Like Katya, Terry Flannery and Travis Slocumb drew inspiration for their independent studies from their coursework in Religious Studies, especially from Professor Alexander Angelov’s course “Eastern Christianity.” Terry is a junior History major and Travis a senior majoring in Religious Studies with a minor in Philosophy, but both frequented Professor Angelov’s office hours during the semester in which they were enrolled in his class. Their conversations there resulted in a joint independent study reading Karl Barth’s grossly influential Church Dogmatics. Ultimately, they found differing interests in subsets of Barth’s philosophy and decided to pursue independent studies separately.
Terry’s project examines 20th century German thought, specifically the dialogue between the Frankfurt School and Karl Barth. Barth was a Protestant theologian recognized as a strong theological force across a variety of Christian, and even Judaic traditions, though he wrote from a Calvinist perspective. Barth, Terry explained, “is saying that freedom is this kind of submission. You’re submitting to a higher power and you’re just at peace with that.” The Frankfurt School believed this perspective to be problematic. “All this is in the context of the rise of fascism. Both are trying to oppose fascism but they’re expressing it in different ways.” While Barth believed that submission to a higher power allows humans to ignore the laws of man and devalue the state, the Frankfurt School maintained that this very mindset would enable the spread of fascism.
With a focus on Calvinist theology, this project is slightly outside the bounds of Terry’s usual interests, Reformation history and Luther. A serendipitous overlap in course content sparked his interest in Barth and the Frankfurt School. “When I was taking Eastern Christianity with Professor Angelov, the class immediately followed it was a German studies course on German intellectual history. So, I would sit in Professor Angelov’s class and read all about Christian ideas and history, and then go to German, where we would read Luther. But then we also would read the Frankfurt School. So those ideas were always in dialogue.”
Terry also frequently went to office hours with Travis Slocumb, whose own research deals with Barth but diverges from the theme of freedom and focuses instead on eschatology and hope. However, as he continued reading, the subject of Travis’s paper took a slight turn. “Honestly, the way my thesis is forming, it’s slowly moving away from talking about hope and its forming into an argument about what authentic love is.” While taking Eastern Christianity and speaking with Professor Angelov in office hours has informed his independent study, so has his study abroad experience at St. Andrews. Travis initially came to William & Mary with the intent of focusing on Philosophy. At St. Andrews he took a course on Christian Theology, and this experience led him to major in Religious Studies with a minor in Philosophy instead. The texts he encountered in Scotland have served as part of the foundation for his current work.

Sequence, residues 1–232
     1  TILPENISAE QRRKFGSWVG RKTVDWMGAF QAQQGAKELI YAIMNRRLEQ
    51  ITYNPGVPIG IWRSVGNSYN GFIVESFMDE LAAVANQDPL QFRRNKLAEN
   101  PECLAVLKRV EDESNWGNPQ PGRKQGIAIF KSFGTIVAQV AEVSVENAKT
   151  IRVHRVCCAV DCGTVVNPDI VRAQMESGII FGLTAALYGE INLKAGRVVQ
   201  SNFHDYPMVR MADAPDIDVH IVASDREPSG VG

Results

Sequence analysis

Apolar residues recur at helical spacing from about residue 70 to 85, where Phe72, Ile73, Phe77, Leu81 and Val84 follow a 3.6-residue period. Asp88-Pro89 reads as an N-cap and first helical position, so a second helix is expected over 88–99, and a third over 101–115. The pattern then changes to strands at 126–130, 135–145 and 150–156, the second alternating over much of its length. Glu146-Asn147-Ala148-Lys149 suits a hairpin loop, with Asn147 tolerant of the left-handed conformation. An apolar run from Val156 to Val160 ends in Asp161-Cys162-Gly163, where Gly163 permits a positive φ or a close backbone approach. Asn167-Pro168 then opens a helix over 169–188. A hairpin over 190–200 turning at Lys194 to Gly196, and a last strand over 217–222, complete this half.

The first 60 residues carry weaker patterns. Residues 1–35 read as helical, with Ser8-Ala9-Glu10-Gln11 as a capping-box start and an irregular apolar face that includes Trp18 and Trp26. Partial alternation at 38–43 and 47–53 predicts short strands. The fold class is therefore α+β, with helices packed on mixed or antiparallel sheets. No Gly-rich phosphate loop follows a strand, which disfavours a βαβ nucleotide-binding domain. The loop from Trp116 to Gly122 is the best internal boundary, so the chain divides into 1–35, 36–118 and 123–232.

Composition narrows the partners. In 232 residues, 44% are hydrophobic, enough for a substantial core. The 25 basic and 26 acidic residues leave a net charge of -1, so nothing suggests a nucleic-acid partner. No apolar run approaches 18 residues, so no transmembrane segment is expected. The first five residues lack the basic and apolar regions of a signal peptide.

After he completes this independent study, Travis is thinking of pursuing one with Professor Randi Rashkover, and another with Professor Angelov. To any student remotely considering taking on an independent study, Travis advises, “Absolutely do it. It’s so much more fulfilling than any class I’ve ever taken because it’s just pulling books off the shelf,” pursuing one fascination to another. Similarly, Terry reflected, “It’s just coming easier because it’s an independent study. I’m enjoying what I’m writing about, and it doesn’t really feel like work; I can actually enjoy what I’m doing.”